The medical electronics market in India was valued at $6.5 billion in 2013, and is likely to grow at a compound annual growth rate of 16% to reach $11.7 billion by 2017, according to Frost & Sullivan. However, indigenous manufacturing in medical electronics is still lacking in India. The government has provided assistance in the form of tax and duty exemptions to boost local manufacturing of medical electronics. The National Policy on Electronics has medical electronics as one of the thrust areas and provides for financial incentives for medical electronics manufacturing not only for new units but also for units relocating from outside India. The Drugs and Cosmetics (Amendment) Bill, 2013 is now considering recognizing medical devices as separate from pharmaceutical products in the regulatory structure. A strong framework that provides for medical devices standards in India is an imperative to boost domestic manufacturing, bring in reliability, and better time to market new technologies in medical electronics.
India’s burgeoning population, higher middle-class incomes and increasing awareness about the benefits of healthcare delivery system have catalyzed growth of the medical electronics market. In addition, a rise in lifestyle diseases, increasing urbanization and healthcare facilities’ expansions have reportedly increased the demand for medical care, boosting medical electronics industry volumes. Government schemes to provide basic healthcare facilities in rural and remote areas have also played a key role in driving the adoption of medical equipment that are ultimately boosting the medical electronic industry.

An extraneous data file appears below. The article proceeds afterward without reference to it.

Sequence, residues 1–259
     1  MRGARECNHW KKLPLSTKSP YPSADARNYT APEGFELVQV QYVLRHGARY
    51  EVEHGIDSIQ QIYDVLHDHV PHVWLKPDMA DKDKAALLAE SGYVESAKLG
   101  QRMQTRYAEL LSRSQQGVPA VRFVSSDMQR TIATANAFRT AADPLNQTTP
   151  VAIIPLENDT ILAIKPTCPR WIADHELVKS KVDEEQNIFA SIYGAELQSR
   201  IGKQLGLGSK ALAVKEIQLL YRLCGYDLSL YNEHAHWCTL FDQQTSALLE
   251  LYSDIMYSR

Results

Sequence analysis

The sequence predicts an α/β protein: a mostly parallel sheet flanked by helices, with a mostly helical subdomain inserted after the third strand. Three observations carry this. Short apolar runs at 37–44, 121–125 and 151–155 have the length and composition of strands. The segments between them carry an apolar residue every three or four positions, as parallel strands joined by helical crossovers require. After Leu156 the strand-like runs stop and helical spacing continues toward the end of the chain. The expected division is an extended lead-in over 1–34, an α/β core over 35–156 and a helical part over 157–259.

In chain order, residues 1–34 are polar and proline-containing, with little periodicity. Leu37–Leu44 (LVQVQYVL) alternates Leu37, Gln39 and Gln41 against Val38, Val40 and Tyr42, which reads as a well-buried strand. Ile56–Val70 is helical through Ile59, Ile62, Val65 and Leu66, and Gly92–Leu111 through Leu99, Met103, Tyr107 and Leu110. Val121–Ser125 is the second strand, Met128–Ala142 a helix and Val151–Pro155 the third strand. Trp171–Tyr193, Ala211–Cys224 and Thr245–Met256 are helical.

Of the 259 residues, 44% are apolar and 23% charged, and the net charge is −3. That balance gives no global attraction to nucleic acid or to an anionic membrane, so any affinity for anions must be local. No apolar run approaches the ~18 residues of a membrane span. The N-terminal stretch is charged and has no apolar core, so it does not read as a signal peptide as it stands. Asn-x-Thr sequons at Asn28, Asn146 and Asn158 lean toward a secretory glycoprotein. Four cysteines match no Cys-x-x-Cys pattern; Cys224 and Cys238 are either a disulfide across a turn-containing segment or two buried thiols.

Total healthcare expenditure in India is nearly 4% of the GDP, which is less than half of countries like Australia, Brazil, the UK, and the U.S. Government expenditure on healthcare reportedly remains around 1.2% of GDP. This is again less than one-third of spend as a percentage of GDP in countries like the U.S., UK and Australia. With a population of nearly 1.25 billion, an increased spending on healthcare is not an option, but an imperative for India. The government plans to increase public spending on healthcare to 2.5% of GDP in its 12th Five Year Plan.
With higher spends on healthcare, increasing lifestyle and non-communicable diseases in India, focus is on providing access to affordable and preventive healthcare. Technology, especially a convergence of medical electronics, IT, and telecom, is a key driver to achieve these objectives.
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